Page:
While Allen narrowed his choices to those in the Hoosier state, Purdue tipped the scales with its reputation in engineering and a partial athletic scholarship to play collegiate golf.
“At the time I was very focused on going into engineering,” Allen recalls. “I actually started in the aeronautical engineering program, then ended up in mechanical engineering, but never quite found one area that completely appealed to me.”
In Nov. 2012, Sam Allen was the featured speaker at the Evans Scholars speakers forum in Chicago, where a jersey was presented as a thank you to Allen and his wife, Marsha, on behalf of the Western Golf Association and Purdue Evans Scholars alumni. (Photo provided)
It was his junior year when Allen made the move to management at the suggestion of a couple of Evans Scholars chapter brothers. “I had enjoyed the few business classes I’d already taken and they highly recommended that I look at the industrial management program,” he says. “It was a good balance between engineering and management and I found myself liking the business aspect more and more.”
He also credits his fellow Evans Scholars and his time as a collegiate golfer for teaching him important life skills and helping him build relationships. “I enjoy the personal aspect of golf,” he says. “It is about your ability to compete with yourself and the discipline you have to develop from that. I really enjoy the camaraderie you build with your fellow golfers.”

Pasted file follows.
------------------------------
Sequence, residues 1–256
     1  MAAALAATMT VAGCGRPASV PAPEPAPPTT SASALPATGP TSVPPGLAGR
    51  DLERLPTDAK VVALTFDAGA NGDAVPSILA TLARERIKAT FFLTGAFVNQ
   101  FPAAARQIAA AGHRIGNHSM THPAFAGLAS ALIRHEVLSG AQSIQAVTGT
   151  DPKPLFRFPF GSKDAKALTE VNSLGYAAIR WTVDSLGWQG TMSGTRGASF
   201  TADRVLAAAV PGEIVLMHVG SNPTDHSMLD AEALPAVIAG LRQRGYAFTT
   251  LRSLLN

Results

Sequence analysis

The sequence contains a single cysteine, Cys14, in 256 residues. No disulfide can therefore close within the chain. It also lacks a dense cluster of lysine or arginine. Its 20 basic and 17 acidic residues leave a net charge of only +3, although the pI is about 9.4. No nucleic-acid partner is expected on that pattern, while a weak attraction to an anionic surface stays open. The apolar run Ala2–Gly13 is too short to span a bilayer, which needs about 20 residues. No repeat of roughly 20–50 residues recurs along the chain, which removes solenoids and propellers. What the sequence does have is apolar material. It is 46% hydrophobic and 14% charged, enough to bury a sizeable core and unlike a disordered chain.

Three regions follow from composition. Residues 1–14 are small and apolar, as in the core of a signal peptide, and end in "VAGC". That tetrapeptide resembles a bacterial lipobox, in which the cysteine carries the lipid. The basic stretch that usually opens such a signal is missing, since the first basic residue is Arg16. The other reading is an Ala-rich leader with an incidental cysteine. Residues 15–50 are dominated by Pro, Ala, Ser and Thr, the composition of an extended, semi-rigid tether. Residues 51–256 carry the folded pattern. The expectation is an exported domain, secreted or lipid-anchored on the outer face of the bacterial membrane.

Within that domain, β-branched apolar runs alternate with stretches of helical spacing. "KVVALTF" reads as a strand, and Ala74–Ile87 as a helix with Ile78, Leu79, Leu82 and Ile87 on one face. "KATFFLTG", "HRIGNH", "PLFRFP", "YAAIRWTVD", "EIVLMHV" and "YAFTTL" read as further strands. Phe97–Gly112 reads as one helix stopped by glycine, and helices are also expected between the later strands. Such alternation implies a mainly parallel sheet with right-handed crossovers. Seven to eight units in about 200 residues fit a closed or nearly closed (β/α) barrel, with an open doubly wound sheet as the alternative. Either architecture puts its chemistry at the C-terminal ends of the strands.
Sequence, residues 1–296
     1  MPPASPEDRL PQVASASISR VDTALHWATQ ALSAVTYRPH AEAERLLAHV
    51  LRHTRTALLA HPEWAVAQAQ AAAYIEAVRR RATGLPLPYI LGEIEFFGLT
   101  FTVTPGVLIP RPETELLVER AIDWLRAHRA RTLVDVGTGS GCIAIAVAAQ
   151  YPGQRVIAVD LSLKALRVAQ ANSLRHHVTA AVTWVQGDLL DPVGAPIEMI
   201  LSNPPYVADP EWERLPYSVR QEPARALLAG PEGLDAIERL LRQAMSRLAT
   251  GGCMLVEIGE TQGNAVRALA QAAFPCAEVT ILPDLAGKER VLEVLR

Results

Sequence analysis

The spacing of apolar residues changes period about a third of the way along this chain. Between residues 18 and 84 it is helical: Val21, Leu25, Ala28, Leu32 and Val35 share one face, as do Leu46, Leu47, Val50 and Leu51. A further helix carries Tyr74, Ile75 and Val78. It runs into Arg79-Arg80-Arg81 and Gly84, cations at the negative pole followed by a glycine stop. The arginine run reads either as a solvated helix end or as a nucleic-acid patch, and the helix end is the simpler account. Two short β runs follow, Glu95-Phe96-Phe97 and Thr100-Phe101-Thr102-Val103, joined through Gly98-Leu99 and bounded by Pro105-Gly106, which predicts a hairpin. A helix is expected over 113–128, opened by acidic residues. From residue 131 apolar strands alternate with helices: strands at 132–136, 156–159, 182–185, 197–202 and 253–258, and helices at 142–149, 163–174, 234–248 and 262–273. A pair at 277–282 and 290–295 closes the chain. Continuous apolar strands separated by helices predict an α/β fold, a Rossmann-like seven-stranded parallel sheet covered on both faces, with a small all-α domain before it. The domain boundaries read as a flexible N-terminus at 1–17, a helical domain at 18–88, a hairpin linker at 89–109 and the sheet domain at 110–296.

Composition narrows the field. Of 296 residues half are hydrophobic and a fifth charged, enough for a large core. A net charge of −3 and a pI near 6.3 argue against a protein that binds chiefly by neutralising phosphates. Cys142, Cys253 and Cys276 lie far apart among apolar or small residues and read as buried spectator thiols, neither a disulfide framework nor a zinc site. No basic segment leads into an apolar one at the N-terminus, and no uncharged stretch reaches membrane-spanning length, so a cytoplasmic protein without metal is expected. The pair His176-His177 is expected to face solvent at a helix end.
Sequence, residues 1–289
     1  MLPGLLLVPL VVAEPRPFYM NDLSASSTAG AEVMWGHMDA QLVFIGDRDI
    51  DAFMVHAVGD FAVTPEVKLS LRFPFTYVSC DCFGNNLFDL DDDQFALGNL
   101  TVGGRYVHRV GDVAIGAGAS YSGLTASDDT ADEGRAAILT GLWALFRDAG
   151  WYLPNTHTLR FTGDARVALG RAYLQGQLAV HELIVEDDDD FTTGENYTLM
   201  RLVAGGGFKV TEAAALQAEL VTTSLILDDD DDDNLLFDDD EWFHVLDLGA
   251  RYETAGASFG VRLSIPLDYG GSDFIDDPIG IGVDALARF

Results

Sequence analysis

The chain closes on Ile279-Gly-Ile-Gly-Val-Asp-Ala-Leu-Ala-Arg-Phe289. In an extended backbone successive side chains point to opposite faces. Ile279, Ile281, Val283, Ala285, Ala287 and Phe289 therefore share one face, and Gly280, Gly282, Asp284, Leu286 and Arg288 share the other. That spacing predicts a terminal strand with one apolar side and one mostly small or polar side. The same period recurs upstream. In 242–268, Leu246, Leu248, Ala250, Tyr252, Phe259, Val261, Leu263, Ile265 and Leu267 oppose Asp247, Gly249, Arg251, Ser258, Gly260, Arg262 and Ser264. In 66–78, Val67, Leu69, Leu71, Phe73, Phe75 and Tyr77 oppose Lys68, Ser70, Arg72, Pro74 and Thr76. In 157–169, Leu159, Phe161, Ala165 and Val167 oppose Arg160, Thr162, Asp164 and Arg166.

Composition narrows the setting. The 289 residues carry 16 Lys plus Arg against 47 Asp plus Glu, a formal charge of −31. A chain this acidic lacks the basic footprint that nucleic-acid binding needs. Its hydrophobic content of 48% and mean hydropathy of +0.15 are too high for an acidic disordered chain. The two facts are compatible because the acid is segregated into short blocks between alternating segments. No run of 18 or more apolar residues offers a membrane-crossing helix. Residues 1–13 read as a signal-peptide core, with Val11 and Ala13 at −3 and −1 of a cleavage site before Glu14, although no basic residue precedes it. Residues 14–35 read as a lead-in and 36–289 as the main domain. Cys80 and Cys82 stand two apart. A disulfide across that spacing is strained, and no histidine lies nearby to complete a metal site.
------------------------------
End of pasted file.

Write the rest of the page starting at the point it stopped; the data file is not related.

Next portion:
The next key event during Allen’s time at Purdue came during his senior year when he took an “Executives in the Classroom” course, now known as the Krannert Executive Forum, which was created and led by late faculty member Fred McLimore. Among the executives to visit that year was Deere & Co. senior vice president Bud Lundahl, whom McLimore asked Allen to escort to lunch.
“Deere recruiters had been on campus for about three weeks but I had no real interest in the company until I went to lunch with Bud Lundahl and he asked me to consider an interview,” he says. After visiting the company’s headquarters in Moline, Ill., Allen changed his outlook, and the job offer that soon followed became a career. “Without Professor McLimore I wouldn’t even be at John Deere,” Allen says.
Another Krannert influence for Allen was a marketing class with former professor C.W. King, who has continued his distinguished teaching career at the University of Illinois at Chicago.
“Most students didn’t like the class because Professor King was super tough and had very high expectations, but there was something about him,” Allen says. “He really challenged the heck out of me and I excelled at his class. It was one of those courses that define you. I came out of it with a much higher level of confidence.”
Allen has returned the favor over the years by sharing his expertise with students at universities around the globe, including his alma mater. He most recently returned to Purdue in Fall 2013 as a speaker in the Krannert Executive Forum and addressed incoming master’s program students in 2010 as the school’s distinguished executive lecturer. He’s also a member of Krannert’s Global Strategic Advisory Council.